Male science fiction writers such as William Gibson
have had an enormous impact on the language used in and perceptions of
information technology in the late twentieth century. Gibson's work has
been instrumental in introducing readers to information technology and
in influencing the discourse, far more so than non-fiction writers.
This is because fiction dramatises the information, along with the fears,
hopes and concerns of the society in which it is written, and as well as
being easier to understand, can seem more real and more relevant than non-fiction.
"These are our story-tellers, exploring what it means to be embodied
in high-tech worlds. They are theorists for cyborgs."
In particular, Gibson is credited with inventing the sub-genre of cyberpunk
in 1982 with the publication of Neuromancer, which led the way in
imagining a world, not too far in the distant future, where the use of
advanced information technology has become commonplace. Gibson imagined
a world where the human brain could "interface" directly with
a computer without using a keyboard, and where cyberspace then appeared
as a visual, "virtual" reality. Much of his work is dystopian,
but it has often been misinterpreted in the wider utopian discourse of
The women writing girls' school stories in the first half
of the twentieth century did speculate occasionally on the lives of schoolgirls
in the future,
but did not imagine the developments in information technology which have
subsequently taken place. Since the end of the 1970s, however, women fiction
writers have been increasingly intrigued about how our future will be affected
by scientific developments. This has largely been expressed through the
emergence of feminist science fiction as a genre, with the development
of feminist publishing imprints such as The Women's Press sf in the UK.
The works of two of these authors in particular are pertinent when considering
the future of women - including the fans of girls' school stories - in
cyberspace: Marge Piercy and Suzette Haden Elgin.
In 1978, when Piercy published Woman on the Edge of
Time (The Women's Press sf, London, 1979, first published in the US
in 1978), she imagined two alternative futures, both accessible by her
heroine, the working-class, poorly educated Connie Ramos, who spends most
of the book forcibly and unjustly incarcerated in a state mental institution.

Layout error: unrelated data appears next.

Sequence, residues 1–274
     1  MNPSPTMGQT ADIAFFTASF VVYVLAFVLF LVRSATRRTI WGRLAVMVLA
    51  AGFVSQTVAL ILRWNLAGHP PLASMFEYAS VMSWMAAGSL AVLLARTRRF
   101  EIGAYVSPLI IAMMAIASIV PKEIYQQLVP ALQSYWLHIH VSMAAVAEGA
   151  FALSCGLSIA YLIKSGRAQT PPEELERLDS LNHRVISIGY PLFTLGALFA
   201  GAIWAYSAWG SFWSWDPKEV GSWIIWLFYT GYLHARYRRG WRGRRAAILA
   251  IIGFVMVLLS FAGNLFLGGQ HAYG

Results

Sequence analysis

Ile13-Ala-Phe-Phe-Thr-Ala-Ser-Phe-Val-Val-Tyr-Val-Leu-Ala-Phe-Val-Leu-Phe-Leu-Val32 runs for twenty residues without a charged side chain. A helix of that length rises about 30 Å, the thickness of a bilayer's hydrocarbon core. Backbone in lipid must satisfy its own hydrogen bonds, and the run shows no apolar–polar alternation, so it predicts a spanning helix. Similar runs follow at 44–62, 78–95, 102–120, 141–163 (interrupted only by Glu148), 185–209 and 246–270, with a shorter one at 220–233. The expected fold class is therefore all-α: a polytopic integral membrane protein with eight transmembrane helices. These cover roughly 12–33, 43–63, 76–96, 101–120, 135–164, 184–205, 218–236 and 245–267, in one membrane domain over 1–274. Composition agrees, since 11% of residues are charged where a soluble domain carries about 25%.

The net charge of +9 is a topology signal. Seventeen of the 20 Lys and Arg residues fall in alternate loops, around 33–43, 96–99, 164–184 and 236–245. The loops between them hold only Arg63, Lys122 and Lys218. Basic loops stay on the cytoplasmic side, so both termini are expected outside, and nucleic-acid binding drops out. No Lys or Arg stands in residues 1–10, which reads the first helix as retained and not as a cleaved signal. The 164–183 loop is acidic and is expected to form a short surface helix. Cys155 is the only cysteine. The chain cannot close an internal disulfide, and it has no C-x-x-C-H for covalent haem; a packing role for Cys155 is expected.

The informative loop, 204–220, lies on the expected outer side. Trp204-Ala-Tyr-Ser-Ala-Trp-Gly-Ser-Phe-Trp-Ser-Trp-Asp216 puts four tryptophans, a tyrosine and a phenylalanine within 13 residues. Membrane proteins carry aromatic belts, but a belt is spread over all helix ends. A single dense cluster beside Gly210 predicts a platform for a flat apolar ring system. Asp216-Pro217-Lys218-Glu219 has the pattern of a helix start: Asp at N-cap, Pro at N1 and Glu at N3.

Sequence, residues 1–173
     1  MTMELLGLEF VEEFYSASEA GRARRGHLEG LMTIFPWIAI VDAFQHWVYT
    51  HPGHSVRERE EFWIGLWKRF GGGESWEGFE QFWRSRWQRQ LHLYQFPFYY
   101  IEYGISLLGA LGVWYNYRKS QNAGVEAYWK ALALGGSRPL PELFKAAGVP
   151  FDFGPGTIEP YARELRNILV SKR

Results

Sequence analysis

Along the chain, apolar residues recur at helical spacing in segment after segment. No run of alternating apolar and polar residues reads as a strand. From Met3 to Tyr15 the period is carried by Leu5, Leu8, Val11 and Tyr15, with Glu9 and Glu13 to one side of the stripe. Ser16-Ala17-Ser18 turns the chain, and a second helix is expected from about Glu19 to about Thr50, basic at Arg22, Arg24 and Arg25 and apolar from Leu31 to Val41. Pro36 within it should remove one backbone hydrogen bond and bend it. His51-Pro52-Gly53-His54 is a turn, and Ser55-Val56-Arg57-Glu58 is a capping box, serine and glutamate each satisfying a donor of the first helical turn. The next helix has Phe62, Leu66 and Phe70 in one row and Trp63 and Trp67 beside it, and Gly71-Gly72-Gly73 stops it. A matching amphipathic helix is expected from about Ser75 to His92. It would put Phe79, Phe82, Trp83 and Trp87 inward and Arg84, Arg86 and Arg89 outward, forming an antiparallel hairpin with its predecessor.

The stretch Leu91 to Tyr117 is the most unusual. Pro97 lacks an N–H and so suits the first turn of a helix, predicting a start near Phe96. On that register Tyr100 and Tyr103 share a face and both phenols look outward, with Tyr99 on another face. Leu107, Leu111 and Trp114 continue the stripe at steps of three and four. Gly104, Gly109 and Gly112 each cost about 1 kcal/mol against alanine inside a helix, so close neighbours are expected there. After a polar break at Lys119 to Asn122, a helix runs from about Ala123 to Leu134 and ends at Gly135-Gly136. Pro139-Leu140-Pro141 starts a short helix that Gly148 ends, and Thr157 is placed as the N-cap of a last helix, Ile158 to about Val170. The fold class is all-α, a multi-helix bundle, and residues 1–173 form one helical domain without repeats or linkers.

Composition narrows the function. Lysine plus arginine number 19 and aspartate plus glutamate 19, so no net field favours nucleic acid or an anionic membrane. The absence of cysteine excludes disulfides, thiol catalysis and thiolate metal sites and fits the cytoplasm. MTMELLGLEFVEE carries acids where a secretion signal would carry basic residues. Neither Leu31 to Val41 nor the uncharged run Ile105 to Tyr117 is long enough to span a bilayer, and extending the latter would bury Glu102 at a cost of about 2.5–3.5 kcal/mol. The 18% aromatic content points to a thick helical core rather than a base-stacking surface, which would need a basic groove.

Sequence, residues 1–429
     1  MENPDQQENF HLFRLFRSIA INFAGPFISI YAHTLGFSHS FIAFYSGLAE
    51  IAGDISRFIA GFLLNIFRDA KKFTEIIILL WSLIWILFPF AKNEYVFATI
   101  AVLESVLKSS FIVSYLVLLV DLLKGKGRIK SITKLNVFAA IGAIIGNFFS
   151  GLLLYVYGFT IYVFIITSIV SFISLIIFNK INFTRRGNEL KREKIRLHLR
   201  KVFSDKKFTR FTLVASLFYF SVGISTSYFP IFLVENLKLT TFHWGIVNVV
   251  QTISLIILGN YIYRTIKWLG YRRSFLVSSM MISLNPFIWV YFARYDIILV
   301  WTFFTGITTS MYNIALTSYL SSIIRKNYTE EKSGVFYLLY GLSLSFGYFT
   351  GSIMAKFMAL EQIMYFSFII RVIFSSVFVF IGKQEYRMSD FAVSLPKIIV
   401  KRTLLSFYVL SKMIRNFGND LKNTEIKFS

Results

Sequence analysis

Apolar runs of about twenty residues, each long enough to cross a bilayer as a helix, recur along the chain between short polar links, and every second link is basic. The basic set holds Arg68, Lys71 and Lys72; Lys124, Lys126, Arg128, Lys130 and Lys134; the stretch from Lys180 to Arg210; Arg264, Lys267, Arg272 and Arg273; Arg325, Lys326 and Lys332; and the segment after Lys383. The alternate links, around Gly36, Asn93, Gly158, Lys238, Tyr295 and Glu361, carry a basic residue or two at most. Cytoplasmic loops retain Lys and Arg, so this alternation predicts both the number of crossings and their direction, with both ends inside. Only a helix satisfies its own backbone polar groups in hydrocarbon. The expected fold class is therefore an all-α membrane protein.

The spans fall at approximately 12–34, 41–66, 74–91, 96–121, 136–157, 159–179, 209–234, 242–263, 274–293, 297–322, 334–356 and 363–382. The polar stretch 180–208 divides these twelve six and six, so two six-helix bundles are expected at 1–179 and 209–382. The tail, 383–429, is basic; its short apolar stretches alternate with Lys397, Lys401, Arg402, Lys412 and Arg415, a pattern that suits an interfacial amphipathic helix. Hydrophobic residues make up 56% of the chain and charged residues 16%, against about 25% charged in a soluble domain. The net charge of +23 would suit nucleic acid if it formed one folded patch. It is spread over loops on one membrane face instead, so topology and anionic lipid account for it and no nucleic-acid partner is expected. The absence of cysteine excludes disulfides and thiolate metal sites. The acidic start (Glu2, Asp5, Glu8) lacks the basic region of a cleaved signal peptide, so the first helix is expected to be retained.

One future is a (threatened) ecological and social utopia where technology
is controlled by the population for the benefit of the population; in the
other, technology is used to control the population, with genetic engineering
used to manipulate the bodies of women and the working classes. At the
end of the book, Connie overcomes her powerlessness to fight for the future
she desires, to the extent of murdering four scientists involved in developing
oppressive technology and thus committing herself to spending the rest
of her life in the institution.
Woman on the Edge of Time has a powerful message:
what happens in the future is largely dependent on our actions in the present.
Perceived powerlessness should not make women apathetic or reluctant to
act; rather it is a reason for making greater efforts. Women in the academy
are better placed than most other women to affect the development of technology,
as well as being best-placed of all women to make use of it. If women do
not fight for access to information technology now and make use of it when
we get that access, then we should not be surprised when we are excluded
from the benefits of information technology in the future. And as in Piercy's
dystopia, this could mean that women lose our past gains to end up with
even less equality than today.
Piercy also reminds us that it is not enough for an elite
to have access to technology. In her utopia, everyone benefits from technological
advances, and contributes according to ability. If this is to happen in
reality, there is a whole "shopping list" of demands: the extension
of literacy, particularly among women in the developing world; free access
to the telephone system; free access to training, including women-only